Press-Republican

Local News

January 24, 2010

Hollywood actor, Plattsburgh native dies

PACIFICA, Calif. — Plattsburgh native Bryan Jay O'Byrne, a respected acting coach and character actor in dozens of television shows and movies, died last month at his home after suffering a heart attack. He was 78.

The son of Elmer and Bessie M. Ducatte O'Byrne, Bryan O'Byrne was born in Plattsburgh in 1931. He attended St. Peter's Elementary School and Plattsburgh High School and went on to graduate from Plattsburgh State.

O'Byrne worked as an elementary school teacher but eventually moved to New York City to pursue his dream of acting.

His career took off in the late 1950s when he starred alongside Vivien Leigh in "Duel of Angels" on Broadway. He found his niche as a comedic actor and, being an old movie buff, moved to Hollywood with hopes of breaking into television — then a new frontier.

In his pursuits, he learned from the greatest. He studied dance and movement with Martha Graham and acting with Stella Adler.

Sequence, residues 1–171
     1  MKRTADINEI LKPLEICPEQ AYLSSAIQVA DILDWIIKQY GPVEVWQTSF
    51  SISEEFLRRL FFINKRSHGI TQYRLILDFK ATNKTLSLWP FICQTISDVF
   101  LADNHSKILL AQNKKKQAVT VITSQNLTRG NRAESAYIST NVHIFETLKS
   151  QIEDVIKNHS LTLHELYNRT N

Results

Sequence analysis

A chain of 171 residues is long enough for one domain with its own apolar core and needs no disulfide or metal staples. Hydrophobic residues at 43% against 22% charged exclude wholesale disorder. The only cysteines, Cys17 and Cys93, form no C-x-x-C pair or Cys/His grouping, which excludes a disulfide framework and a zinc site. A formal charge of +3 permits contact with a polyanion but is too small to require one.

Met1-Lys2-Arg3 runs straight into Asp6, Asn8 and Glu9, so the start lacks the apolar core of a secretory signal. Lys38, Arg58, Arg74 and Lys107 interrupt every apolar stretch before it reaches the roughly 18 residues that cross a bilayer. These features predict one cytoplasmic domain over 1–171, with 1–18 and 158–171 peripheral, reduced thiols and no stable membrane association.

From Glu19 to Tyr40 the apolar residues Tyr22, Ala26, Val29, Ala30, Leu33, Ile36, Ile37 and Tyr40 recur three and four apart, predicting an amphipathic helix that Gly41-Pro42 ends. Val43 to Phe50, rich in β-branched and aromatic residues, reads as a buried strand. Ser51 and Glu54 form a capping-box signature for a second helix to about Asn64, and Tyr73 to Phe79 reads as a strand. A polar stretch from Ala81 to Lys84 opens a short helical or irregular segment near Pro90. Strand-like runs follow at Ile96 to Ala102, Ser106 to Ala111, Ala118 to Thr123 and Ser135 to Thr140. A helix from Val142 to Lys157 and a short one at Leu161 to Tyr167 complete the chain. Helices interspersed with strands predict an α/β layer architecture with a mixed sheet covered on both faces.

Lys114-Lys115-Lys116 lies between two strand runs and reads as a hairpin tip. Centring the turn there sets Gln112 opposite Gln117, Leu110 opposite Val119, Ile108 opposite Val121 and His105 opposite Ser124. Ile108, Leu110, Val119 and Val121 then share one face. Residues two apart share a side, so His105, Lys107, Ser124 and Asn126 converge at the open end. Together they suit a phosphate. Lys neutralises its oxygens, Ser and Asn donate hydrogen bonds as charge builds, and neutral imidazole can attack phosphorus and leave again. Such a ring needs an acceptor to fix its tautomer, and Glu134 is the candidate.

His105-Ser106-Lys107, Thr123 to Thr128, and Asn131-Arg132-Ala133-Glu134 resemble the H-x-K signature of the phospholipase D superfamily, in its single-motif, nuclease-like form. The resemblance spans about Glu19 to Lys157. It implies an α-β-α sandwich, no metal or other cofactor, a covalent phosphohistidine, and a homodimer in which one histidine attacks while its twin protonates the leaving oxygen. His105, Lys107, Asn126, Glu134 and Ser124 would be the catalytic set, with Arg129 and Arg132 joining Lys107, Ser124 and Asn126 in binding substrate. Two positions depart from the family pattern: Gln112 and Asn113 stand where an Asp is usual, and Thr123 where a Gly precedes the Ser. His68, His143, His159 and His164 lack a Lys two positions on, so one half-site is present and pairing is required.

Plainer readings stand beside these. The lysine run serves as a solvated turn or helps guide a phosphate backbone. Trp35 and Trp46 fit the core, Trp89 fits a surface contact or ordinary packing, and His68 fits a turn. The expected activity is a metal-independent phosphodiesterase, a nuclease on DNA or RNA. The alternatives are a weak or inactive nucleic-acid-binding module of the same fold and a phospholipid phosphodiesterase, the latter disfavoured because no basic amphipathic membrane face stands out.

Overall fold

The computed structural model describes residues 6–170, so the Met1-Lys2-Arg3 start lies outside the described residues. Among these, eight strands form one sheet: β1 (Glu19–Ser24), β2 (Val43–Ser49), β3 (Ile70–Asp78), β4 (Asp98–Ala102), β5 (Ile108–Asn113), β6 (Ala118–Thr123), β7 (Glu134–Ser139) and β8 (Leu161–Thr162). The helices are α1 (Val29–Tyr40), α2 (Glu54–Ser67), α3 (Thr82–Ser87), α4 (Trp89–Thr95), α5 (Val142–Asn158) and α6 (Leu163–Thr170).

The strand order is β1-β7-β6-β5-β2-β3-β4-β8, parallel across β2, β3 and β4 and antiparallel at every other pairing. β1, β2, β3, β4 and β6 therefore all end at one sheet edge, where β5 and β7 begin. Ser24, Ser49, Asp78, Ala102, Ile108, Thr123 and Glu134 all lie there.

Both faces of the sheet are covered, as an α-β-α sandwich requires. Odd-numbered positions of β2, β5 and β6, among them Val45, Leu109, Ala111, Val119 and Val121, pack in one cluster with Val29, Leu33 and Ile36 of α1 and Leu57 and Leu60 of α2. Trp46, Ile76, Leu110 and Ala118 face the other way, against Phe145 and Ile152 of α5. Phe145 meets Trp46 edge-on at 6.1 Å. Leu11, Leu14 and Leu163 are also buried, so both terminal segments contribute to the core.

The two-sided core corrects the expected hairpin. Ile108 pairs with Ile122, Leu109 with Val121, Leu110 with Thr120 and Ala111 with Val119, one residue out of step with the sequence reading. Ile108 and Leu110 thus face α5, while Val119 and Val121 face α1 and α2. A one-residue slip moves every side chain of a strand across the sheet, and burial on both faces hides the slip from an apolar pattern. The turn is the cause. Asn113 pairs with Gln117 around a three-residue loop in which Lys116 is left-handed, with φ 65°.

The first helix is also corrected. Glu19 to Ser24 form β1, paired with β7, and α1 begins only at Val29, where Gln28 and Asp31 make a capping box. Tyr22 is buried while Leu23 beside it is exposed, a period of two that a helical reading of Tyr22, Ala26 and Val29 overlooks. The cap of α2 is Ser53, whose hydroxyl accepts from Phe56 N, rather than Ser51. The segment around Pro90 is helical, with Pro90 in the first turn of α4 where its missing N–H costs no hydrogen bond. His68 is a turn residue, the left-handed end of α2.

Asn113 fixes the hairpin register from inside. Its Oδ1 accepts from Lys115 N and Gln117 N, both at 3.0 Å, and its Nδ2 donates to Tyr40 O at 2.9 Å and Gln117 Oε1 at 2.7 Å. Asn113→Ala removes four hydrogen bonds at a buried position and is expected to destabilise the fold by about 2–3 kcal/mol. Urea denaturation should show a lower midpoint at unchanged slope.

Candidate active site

O'Byrne befriended other aspiring student actors, including Marlon Brando and James Farentino, who lived in the same apartment building before they became stars.

Serious side

"He really made his dreams happen," said Janet Walsh, a 1982 graduate of Plattsburgh State who met O'Byrne in the early '80s when he returned to the area for a funeral and stayed for several weeks.

"He knew what he was, and he knew how to make his voice and his looks work for him. And yet, because of who he was and who he became, he was not cast in many serious roles. But he had a serious side, and that is what he helped to bring out in a lot of young actors."

Walsh, an English major actively involved in the theater department at the time, went to acting seminars O'Byrne held at the college during his visit.

Text Only | Photo Reprints
Breaking News
Local News

North Country Scenes


Click on photo to view gallery with latest photos

FYI...
  • Stepping forward: The real Colbert

    Letterman changed the late-night TV game between his run on NBC's "Late Night" and starting the "Late Show" franchise in 1993. And while it's tough to replace a pop-culture icon, Colbert, in terms of pedigree and sense of humor, makes the most sense.

    April 16, 2014